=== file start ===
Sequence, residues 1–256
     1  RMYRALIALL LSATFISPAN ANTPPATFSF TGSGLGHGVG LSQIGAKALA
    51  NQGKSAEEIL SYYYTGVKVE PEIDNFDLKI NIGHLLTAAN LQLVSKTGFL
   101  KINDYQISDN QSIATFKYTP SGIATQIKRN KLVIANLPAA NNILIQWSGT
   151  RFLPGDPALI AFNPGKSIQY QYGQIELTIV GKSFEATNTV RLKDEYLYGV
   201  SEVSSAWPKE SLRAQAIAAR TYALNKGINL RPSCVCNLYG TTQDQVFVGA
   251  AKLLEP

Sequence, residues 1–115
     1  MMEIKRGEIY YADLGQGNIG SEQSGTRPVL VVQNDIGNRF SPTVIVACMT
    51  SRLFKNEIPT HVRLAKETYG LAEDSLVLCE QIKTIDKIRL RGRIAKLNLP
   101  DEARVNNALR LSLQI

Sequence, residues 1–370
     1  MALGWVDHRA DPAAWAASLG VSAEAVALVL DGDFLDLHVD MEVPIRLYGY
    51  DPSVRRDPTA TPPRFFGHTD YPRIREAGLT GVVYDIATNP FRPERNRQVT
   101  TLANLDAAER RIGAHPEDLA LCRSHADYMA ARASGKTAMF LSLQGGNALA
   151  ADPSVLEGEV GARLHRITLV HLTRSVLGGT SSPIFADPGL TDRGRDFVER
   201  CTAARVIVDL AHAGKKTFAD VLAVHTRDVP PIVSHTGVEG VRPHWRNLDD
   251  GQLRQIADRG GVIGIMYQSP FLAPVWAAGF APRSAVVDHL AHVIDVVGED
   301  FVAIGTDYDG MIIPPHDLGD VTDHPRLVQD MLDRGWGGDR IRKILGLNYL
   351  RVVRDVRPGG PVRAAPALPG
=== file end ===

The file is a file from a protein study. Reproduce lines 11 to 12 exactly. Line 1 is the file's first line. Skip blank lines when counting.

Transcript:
   101  DEARVNNALR LSLQI

Sequence, residues 1–370